Florida Southeast Connection Pipeline

From Global Energy Monitor
This article is part of the Global Fossil Infrastructure Tracker, a project of Global Energy Monitor.
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Florida Southeast Connection Pipeline is a natural gas pipeline in Florida, USA.[1]

Location

The pipeline begins at the Central Florida Hub, a natural-gas transmission facility in Osceola County, just north of the Polk County boundary, and will terminate at an energy center in Martin County. At that point, it will connect with Florida Power & Light’s existing pipeline system.[2]

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Project Details

  • Operator: NextEra Energy[1]
  • Parent Company: NextEra Energy[2]
  • Capacity: 640 million cubic feet per day[1]
  • Length: 126 miles / 202.8 km[1]
  • Diameter: 30-inches, 36-inches[1]
  • Cost: US$537 million[1]
  • Status: Operating[1]
  • Start Year: 2017[1]

Background

Construction on the Florida Southeast Connection Pipeline began in August 2017. The pipeline crosses the properties of about 250 owners in Polk County, with one case still in litigation amid a dispute over fair compensation, as of 2017.[2]

NextEra built the $550 million pipeline to meet rising energy demands in Florida. The 126-mile Southeast Connection begins at the Central Florida Hub, a natural-gas transmission facility in Osceola County, just north of the Polk County boundary, and will terminate at an energy center in Martin County. At that point, it will connect with FP&L’s existing pipeline system. The pipeline will carry natural gas from other pipelines, including Sabal Trail, that feed into the Central Florida Hub. Gas carried by the pipeline will be burned to generate power used throughout FP&L’s network. FP&L has reported that it is replacing its older, coal-fueled power plants with gas-powered plants.[2]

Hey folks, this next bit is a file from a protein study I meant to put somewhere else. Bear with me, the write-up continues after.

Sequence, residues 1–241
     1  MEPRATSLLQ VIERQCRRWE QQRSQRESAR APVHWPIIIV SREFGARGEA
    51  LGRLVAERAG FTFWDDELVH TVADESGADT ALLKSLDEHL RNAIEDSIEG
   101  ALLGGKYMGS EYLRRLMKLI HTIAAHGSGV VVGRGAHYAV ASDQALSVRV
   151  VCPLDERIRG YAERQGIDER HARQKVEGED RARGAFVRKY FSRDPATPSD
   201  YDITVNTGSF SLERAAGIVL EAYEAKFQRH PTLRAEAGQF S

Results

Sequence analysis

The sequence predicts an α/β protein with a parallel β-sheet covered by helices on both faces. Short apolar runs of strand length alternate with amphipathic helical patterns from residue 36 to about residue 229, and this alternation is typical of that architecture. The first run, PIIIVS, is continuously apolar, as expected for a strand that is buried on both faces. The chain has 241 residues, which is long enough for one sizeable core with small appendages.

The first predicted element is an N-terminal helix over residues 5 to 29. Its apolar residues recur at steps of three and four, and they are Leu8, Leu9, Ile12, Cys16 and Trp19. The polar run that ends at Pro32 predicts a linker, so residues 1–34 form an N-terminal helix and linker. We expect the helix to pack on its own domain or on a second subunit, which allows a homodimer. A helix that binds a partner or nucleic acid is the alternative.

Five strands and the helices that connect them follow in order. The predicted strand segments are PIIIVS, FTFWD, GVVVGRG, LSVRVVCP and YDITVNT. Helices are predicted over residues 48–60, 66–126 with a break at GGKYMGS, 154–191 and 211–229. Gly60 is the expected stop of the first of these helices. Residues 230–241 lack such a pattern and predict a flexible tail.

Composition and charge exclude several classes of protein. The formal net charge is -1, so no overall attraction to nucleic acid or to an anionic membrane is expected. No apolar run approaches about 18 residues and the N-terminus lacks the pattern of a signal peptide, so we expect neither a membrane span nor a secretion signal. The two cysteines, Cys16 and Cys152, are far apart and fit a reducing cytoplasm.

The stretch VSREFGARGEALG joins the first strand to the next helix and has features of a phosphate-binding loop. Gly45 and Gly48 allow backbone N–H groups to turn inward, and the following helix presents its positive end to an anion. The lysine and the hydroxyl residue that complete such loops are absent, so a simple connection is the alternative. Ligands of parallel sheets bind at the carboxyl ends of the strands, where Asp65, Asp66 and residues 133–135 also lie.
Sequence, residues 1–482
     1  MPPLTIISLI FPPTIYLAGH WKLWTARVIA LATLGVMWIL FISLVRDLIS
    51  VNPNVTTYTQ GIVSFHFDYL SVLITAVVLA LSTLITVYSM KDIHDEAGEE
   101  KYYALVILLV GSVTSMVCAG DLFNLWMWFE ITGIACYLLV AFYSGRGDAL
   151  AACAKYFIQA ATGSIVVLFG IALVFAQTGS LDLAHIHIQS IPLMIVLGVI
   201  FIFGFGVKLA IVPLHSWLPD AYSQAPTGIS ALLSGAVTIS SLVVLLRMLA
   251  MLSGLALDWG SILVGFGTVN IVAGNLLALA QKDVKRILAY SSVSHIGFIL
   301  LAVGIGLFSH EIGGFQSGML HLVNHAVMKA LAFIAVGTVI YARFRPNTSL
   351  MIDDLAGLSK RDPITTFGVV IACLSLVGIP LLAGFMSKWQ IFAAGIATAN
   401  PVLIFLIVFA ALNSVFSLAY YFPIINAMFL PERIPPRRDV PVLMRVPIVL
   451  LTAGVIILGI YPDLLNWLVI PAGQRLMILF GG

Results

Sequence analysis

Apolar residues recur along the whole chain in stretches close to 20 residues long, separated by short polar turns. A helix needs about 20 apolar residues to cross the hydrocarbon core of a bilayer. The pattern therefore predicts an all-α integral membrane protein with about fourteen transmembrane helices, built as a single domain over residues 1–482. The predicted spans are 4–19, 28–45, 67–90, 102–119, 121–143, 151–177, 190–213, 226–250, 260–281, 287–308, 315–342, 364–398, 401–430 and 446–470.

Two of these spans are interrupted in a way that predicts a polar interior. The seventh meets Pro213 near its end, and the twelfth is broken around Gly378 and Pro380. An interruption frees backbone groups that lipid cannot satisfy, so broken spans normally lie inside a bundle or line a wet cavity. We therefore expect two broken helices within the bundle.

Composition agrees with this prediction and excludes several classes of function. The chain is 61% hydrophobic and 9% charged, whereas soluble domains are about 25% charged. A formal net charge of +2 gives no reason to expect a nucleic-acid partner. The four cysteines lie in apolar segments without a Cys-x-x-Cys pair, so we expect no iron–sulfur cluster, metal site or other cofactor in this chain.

Lack of Opposition

The Sierra Club, a leading environmental group, opposed the Keystone XL pipeline and joined lawsuits to stop construction of Sabal Trail Pipeline. But the group didn’t oppose this project. According to a representative from the Sierra Club’s local chapter, they failed to oppose the pipeline because it is not a “supplier pipeline” and instead will carry gas that has been blended from multiple sources. The Sabal Trail Pipeline, by contrast, will be a direct carrier of natural gas extracted through hydraulic fracturing, a process that has been the focus of many environmental groups.[2]

Articles and resources

References

  1. 1.0 1.1 1.2 1.3 1.4 1.5 1.6 1.7 Natural Gas Data, Pipeline Projects Energy Information Agency, accessed July 21, 2020
  2. 2.0 2.1 2.2 2.3 2.4 Gary White, Natural gas pipeline through Polk County creates little clamor The Ledger, March 18, 2017

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External resources

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